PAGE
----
Super Street Fighter II

aka: SSF2, Super Street Fighter II: The New Challengers
Moby ID: 10119
Arcade Specs

Description official descriptions

Super Street Fighter II is a sequel to Street Fighter II Turbo and Street Fighter II: Champion Edition. The game features four new characters (Cammy, Dee Jay, T. Hawk, Fei Long) and stages, making a total of sixteen playable. It also features many multiplayer modes in addition to the single-player mode. Among those is the returning elimination group battle, where players compete for the title of the champion, and Point Battle, where the person with the most points wins. Newer modes include an eight-man double-elimination tournament and a Challenge mode, where players attempt to get the most points on a CPU opponent or beat them as fast as possible, trying to surpass records.


  • スーパーストリートファイターⅡ - Japanese spelling
  • 슈퍼 스트리트 화이터 2 - Korean spelling

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Credits (Arcade version)

36 People (30 developers, 6 thanks) · View all

Character Designer
[ full credits ]



Average score: 77% (based on 40 ratings)


Average score: 4.0 out of 5 (based on 111 ratings with 2 reviews)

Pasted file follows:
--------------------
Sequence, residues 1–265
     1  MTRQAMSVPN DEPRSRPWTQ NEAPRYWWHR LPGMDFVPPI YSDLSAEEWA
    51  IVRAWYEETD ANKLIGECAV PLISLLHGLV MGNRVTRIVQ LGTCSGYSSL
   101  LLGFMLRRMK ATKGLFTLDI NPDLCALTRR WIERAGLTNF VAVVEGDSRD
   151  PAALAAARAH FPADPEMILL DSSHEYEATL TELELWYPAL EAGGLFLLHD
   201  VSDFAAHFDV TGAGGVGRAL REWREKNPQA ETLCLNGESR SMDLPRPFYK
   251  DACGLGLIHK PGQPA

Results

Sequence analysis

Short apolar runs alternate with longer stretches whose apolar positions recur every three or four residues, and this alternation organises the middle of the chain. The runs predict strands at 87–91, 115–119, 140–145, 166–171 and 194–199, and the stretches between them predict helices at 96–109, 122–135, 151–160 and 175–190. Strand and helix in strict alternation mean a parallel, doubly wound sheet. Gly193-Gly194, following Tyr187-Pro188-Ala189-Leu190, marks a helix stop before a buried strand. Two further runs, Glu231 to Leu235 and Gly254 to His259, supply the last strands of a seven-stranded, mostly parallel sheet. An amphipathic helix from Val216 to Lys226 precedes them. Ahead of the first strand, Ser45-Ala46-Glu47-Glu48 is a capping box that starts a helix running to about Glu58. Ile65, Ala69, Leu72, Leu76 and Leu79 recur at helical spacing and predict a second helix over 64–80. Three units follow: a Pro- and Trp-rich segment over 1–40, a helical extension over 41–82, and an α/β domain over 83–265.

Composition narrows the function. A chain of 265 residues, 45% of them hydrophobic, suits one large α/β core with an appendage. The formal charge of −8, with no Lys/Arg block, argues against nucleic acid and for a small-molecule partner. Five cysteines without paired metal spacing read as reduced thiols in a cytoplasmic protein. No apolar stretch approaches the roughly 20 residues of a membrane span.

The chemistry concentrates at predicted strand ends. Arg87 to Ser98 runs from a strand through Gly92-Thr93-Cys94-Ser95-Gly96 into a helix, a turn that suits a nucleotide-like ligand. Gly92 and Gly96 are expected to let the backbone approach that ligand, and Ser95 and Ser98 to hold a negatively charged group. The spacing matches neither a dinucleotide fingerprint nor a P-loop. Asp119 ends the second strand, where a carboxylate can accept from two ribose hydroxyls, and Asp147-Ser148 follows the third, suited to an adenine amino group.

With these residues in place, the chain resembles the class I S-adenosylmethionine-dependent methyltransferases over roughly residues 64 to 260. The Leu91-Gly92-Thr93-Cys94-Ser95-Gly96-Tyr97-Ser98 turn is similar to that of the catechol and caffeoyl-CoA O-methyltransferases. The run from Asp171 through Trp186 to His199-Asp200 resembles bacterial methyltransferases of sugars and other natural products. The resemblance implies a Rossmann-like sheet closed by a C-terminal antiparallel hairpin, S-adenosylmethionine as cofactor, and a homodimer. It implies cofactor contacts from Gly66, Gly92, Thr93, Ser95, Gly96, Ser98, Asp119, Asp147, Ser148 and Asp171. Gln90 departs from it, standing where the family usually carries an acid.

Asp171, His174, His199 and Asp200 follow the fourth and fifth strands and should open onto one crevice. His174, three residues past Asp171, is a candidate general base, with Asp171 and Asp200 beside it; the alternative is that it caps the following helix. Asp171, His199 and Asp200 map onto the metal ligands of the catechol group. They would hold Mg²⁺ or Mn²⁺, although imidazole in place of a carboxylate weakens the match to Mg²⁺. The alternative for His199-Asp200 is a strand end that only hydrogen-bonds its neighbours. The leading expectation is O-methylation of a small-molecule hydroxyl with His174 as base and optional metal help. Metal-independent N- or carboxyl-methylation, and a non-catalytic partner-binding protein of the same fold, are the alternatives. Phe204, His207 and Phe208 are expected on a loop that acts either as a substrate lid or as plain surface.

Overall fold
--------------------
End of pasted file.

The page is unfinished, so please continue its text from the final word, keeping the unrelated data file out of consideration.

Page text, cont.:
Great port!

The Good
The gameplay remains very close to the arcade version. The graphics and music of course have been downgraded to fit the SNES cartridge, but are still very good; in my opinion some of the music sounds better here than it did in the arcade, especially Dee Jay and Cammy's themes.

Another thing I like about this port is that the A.I. is less hard and annoying, compared to the SNES ports of the previous titles, and you can receive your character's ending on slightly lower difficulty levels.

The Bad
I generally didn't find anything wrong with this port (FAR superior to the Genesis port, IMO), though some sound and voice effects have been truncated to for the cartridge, but nothing major.

The Bottom Line
I highly recommend this port for any big Street Fighter fan like myself, you can't go wrong!

SNES · by BlueWind SSK (28) · 2015

Presented in "long-screen" for your viewing distortment!

The Good
It comes with the Capcom ProPad 6 controller, one of the finest controllers made for the PC (get a USB adapter and keep using this controller today, works with MAME like a charm), and if it wasn't for that controller and having an extra original GravisPad on hand, then I guess my friends would've been let out in the cold! That controller, which this game and Mega Man X were especially designed for, really makes for a great game. All of the digitized speech and excellent backgrounds are here, too, along with the speed (depending on which x86 CPU you are using). The game is one CD, but downloads to your hard disk so there isn't any access time between scenes, and the Vs. and taunt screens are all hear. The graphics look really good on a crystal clear monitor (use any monitor made since 1993, I suppose). Everybody's moves are intact, but no Akuma. More of a straight port of the NES version.

The Bad